December is an ideal time to visit Calcutta since the days are not oppressively hot, averaging about 85 degrees (which puts a chill in their bones for the locals). The place is smoggy and polluted as hell, which provides a nice sun block from the sun. You can look directly at the sun ball with your eyes with no problem at least 2 hours before sunset (looks like the moon through all the haze). My throat is now suffering from all the pollution!

Well, Calcutta is not much of a tourist destination. I probably only see 3 or 4 foreigners each day as I walk around. Thanks to Tognarelli’s advice about getting a BlackBerry with an international data plan, I am totally connected in the most wayward alleys and coffeeshops throughout the city (the BlackBerry also worked great in Istanbul). Amazing technology. I visited one of Calcutta’s more famous coffeeshops called the “Indian Coffee House” located on MG Road. The place was bare bones, no frills, high ceilings with about 30 ceiling fans turning the humid air. The place did have a great atmosphere. The price for my cup of coffee was 15 cents. This coffeeshop has not changed in over 100 years, but then again the city really has not progressed much either.

Well the sunrise is starting to poke through the haze again, so time to grab my camera and hit the streets. Just 4 more days until I jump back on the plane again. I am looking forward to sitting at my local Starbucks and reading the New York Times, the comforts of home along with some clean fresh air!!!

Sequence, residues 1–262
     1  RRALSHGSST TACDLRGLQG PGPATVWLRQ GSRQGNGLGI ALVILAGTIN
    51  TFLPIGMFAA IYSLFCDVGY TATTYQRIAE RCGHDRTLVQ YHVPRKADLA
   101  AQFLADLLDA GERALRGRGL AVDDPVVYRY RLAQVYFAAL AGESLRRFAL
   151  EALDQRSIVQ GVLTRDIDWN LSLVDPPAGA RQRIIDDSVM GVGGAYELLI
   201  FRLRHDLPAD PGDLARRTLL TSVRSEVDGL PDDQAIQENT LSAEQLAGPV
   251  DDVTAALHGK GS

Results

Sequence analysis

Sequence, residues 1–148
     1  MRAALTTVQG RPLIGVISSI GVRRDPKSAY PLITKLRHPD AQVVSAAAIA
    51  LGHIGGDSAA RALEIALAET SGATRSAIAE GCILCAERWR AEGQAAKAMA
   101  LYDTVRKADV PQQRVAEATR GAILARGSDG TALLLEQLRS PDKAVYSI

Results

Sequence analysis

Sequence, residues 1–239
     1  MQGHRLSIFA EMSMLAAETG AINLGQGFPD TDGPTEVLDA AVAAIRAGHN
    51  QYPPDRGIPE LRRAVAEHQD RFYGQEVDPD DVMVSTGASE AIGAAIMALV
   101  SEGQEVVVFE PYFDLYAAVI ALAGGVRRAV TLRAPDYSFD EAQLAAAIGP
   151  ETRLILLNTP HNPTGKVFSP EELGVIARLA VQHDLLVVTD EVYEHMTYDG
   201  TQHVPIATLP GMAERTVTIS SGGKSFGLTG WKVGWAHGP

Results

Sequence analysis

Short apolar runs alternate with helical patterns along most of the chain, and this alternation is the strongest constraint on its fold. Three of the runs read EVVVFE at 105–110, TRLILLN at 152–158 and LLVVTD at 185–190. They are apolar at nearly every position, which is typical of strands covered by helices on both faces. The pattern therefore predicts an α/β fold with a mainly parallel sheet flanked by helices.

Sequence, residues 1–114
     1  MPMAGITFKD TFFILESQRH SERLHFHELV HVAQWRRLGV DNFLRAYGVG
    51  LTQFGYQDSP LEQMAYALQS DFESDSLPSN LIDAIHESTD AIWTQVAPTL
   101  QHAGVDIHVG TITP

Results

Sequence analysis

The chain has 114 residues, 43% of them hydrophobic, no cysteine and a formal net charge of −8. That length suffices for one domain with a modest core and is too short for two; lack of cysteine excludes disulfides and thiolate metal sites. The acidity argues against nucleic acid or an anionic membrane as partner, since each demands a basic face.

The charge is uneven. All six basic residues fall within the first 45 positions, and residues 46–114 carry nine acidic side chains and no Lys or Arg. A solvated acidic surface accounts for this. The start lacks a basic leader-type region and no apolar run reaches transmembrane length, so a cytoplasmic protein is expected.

Trip Across America – Sept / Oct 2007

Days, then weeks and then months slip by…each of us toiling inside our prism of experiences. I long for the great dinnertime conversation as told by friends before the introduction of electronic mail. But atlas, times have been a’changin as a spinning world throws us into a million different directions. I am at fault most of all with my perpetually nomadic lifestyle.

This past year I have had my nose to the grindstone working on my ever-expanding stock footage website call stockfootageworld.com. For the past 7 weeks I was on a long haul road trip across the United States and parts of Canada…from Seattle to Boston. Damn this country is BIG!!!

Watching the countless miles roll by gave me plenty of time to soak up the landscape and think… about many interesting thoughts that seemed to bounce around my head. Unfortunately I never had the energy to write while on the road. But I tucked a few little impressions of the journey in the back of my head waiting a moment when I had time to write.

It is a bit shocking to see the American heartland. The first rolling wave to hit you is how massive the landmass is. This effect builds up day after day. From the Cascade and Rocky Mountain ranges to the vast grasslands…a leisurely 700-mile drive only gets you to the next state. I had flown over (and around) the United States countless times, but this was my first road trip across the continent.